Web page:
The First Minister’s sister Gillian Owens told journalists of the vile deed.
“She used to tease me quite a bit, and she used to cut the hair off my Barbie dolls, but apart from that she was a lovely sister,” said Owens.
In these fevered political times, the allegations of such a serious childhood crime have led to various interpretations of her act. For some it is an illustration of her ruthlessness, for others it is an unmerited smear on a beloved First Minister’s character. To her credit, Sturgeon has taken her sister’s recollections in good spirit. “For the record: I think my sister is misremembering. I’m sure it was a Sindy doll,” Sturgeon tweeted yesterday.
“I’m not proud of it,” she added. “I’ve changed. My nieces’ dolls have never come to harm.”
Salmond’s artistic licence with songstress
Another Scottish songstress can be added to the list of Alex Salmond’s favourite singers. When he was a castaway on Desert Island Discs, the former first minister took Ae Fond Kiss, sung by the Hebridean nightingale Anne Lorne Gillies, as well as Coisich a Ruin, sung by Karen Matheson of Capercaillie. The latest artist to catch Salmond’s ear is Robyn Stapleton (left), the BBC Radio Scotland Young Traditional Musician of the Year. Last week Salmond took in one of her concerts – an event to which he brought along a few copies of his book The Dream Shall Never Die to sign.
Foulkes’ wisdom in avoiding postal vote outrage
IT’s a long-established rule that those not entitled to vote in general elections are convicted prisoners, people detained in a psychiatric hospital as a consequence of criminal activity and peers of the realm.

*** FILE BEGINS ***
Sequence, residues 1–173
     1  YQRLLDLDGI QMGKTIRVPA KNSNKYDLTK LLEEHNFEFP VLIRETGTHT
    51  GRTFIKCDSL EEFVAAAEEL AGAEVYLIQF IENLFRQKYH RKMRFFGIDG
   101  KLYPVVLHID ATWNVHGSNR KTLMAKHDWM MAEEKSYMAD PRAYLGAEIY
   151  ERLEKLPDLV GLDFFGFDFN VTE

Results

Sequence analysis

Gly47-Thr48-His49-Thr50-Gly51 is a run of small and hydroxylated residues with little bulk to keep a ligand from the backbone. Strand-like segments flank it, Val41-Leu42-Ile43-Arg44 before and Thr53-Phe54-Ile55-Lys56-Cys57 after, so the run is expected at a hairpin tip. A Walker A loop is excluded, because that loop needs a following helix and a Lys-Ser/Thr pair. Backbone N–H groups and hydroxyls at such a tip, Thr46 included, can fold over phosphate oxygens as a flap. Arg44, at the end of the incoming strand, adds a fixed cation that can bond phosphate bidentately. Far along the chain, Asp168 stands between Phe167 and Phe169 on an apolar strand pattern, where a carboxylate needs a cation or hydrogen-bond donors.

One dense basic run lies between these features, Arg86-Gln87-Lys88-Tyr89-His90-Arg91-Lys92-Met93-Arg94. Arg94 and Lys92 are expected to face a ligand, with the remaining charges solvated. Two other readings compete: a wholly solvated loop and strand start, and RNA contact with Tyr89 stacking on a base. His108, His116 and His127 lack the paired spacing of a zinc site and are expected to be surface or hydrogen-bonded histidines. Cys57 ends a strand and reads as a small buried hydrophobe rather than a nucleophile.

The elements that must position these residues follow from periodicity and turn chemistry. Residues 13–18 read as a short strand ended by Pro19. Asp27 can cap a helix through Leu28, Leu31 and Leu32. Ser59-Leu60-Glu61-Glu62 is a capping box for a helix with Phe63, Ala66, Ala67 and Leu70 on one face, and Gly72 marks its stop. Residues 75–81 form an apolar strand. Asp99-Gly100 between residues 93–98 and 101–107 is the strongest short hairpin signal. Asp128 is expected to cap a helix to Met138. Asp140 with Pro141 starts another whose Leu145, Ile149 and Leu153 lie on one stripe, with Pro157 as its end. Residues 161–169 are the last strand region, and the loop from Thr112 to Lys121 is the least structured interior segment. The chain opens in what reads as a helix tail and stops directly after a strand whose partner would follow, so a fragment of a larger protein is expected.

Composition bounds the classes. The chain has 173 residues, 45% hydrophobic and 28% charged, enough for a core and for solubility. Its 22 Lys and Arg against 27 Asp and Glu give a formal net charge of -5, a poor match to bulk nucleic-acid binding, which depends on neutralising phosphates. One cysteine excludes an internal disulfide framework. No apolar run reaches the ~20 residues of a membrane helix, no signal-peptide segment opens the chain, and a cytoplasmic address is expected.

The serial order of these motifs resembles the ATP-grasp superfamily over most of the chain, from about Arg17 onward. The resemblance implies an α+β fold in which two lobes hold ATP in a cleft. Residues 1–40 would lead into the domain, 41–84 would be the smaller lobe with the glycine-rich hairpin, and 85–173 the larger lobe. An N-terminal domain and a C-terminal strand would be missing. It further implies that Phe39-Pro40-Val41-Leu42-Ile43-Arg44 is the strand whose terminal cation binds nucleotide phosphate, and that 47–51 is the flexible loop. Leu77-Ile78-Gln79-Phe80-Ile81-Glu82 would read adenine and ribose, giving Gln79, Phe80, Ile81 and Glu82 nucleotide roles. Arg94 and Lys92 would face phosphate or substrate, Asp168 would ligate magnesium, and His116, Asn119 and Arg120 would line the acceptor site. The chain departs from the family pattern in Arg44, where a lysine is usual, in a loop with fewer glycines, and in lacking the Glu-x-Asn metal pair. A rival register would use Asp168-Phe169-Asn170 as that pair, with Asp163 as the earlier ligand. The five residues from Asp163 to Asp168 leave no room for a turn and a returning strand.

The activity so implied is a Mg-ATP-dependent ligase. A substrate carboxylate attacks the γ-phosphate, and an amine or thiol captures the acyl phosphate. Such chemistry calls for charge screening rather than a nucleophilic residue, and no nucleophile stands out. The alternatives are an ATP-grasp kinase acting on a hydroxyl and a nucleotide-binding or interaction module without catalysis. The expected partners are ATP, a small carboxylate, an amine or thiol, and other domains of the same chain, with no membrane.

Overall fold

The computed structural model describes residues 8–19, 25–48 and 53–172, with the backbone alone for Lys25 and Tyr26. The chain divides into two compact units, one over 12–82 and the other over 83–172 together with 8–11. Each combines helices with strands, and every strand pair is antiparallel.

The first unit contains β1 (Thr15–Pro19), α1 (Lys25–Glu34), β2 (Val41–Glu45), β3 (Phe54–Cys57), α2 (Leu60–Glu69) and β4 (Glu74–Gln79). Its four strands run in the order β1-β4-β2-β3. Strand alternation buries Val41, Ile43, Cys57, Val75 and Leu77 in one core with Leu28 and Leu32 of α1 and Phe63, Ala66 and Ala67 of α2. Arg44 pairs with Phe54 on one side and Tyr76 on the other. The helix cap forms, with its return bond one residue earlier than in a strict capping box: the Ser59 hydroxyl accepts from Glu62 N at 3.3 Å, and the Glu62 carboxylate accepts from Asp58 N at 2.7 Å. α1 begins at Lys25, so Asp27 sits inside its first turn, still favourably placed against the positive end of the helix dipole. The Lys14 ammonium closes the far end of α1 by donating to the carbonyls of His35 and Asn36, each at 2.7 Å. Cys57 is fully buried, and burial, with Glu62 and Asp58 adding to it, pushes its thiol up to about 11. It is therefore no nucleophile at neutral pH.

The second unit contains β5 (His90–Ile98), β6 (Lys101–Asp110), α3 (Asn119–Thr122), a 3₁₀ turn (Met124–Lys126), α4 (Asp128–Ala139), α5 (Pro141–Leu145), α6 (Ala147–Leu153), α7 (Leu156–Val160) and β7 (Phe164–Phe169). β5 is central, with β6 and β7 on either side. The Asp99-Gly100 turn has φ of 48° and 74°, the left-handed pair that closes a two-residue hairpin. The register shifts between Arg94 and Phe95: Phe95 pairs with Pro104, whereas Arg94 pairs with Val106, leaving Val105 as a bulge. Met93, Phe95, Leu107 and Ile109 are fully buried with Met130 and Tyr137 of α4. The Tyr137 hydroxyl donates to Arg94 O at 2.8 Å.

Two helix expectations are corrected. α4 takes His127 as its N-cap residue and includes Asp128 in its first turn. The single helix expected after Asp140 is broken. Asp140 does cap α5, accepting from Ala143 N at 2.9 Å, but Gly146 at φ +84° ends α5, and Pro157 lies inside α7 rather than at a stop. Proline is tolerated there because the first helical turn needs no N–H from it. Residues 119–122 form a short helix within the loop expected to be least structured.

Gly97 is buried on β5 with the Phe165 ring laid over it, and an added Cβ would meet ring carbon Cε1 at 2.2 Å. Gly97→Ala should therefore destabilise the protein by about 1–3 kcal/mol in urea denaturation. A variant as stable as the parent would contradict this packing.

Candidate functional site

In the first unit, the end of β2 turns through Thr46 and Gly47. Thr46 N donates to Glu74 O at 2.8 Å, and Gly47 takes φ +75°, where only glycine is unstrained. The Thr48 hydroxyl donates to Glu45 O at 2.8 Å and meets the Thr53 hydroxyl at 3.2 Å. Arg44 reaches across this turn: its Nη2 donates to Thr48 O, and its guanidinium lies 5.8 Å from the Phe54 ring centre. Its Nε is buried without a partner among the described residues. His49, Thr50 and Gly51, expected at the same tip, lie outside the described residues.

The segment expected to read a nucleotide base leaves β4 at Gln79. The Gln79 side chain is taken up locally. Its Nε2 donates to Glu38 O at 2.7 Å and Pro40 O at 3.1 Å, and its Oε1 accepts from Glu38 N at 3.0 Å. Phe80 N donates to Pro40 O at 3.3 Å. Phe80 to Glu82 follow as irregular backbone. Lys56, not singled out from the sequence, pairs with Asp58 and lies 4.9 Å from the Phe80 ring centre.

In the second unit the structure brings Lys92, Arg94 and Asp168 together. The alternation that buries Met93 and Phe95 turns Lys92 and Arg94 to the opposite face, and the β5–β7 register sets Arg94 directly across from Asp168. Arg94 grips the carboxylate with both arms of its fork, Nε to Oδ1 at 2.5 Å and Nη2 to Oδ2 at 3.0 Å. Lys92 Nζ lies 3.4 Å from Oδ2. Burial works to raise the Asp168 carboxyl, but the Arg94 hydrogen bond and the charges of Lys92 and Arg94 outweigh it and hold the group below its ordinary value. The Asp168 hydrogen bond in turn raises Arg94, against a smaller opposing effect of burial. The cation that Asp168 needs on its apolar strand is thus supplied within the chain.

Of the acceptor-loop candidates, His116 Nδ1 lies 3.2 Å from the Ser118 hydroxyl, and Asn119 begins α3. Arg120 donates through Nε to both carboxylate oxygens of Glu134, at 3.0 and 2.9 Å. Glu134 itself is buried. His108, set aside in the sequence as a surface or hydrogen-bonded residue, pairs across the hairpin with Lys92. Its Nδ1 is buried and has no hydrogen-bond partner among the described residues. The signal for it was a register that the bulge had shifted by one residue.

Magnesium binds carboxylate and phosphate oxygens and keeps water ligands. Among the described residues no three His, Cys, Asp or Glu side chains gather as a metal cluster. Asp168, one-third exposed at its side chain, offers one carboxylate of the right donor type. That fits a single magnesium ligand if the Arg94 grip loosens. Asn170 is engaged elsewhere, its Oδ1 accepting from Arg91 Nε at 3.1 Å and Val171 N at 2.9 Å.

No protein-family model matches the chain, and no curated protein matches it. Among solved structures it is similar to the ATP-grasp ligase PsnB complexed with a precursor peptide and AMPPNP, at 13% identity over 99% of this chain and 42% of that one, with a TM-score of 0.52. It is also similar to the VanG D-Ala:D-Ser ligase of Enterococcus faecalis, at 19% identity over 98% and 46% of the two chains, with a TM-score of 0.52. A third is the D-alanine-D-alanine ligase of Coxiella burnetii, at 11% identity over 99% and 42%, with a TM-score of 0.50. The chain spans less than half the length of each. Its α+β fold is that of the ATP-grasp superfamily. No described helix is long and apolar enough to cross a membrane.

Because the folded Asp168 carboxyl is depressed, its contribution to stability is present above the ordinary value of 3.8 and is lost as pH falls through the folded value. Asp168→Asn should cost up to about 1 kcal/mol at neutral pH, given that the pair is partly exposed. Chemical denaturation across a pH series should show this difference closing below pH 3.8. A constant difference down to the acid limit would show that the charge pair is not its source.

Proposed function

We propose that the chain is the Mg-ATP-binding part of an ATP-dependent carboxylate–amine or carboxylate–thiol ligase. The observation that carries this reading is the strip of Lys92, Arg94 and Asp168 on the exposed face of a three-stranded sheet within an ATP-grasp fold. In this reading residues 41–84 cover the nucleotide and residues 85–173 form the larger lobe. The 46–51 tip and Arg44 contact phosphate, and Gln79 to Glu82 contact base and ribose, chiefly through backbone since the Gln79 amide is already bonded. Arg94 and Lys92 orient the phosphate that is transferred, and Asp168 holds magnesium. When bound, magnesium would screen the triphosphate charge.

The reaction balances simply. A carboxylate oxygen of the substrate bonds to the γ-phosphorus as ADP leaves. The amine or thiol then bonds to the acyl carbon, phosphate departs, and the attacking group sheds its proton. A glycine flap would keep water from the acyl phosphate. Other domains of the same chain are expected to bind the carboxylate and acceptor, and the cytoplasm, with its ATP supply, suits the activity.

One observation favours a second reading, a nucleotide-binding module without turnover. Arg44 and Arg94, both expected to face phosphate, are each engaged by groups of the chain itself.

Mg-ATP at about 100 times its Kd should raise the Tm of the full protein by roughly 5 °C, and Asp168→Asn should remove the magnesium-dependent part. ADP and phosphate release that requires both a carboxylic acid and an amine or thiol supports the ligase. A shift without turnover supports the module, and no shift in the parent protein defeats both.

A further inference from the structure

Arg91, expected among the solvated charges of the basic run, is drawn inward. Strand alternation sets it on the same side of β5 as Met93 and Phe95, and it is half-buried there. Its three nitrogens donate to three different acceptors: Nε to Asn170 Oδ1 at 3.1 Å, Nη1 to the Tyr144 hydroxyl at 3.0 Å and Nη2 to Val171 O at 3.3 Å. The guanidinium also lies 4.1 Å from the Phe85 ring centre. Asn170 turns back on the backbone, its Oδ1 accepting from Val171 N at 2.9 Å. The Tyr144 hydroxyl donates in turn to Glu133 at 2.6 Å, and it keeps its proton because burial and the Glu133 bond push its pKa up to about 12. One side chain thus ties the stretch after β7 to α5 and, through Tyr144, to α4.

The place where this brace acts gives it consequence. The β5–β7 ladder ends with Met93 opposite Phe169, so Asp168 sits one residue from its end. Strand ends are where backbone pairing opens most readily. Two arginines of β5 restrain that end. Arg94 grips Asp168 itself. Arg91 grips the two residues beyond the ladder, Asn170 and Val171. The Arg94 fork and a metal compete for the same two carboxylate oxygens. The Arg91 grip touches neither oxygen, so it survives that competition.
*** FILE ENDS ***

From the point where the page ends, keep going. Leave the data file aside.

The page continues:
Labour’s Lord George Foulkes (right) therefore found himself in a tricky position last week, when he was accidentally sent a postal vote.
Peers are allowed to vote in local and European elections but, crucially, they are forbidden from voting in UK general elections.
To avoid any unfortunate misunderstandings, the peer and former Lothians MSP was quick to send back the postal vote to the electoral registration office, informing officials that he was not entitled to vote under UK law.
One can easily imagine the SNP outrage had the noble Lord mistakenly cast his vote – indeed one could see the legality of the entire election being questioned by Foulkes’ opponents. «
Labour’s blanked canvass
The challenges facing Labour candidates in the face of a buoyant SNP can be illustrated by one politician’s recent experience while out canvassing.
Knocking on doors, the well-known public figure asked a constituent if she was going to support Labour.
“No, I’m going to vote for Nicola Sturgeon,” was the reply. The Labour candidate gently explained – not unreasonably – that as a sitting MSP Ms Sturgeon was not actually standing for Westminster in next month’s general election.
The voter listened to the candidate making his point, before slamming the door in his face with the words: “Typical Labour negativity.”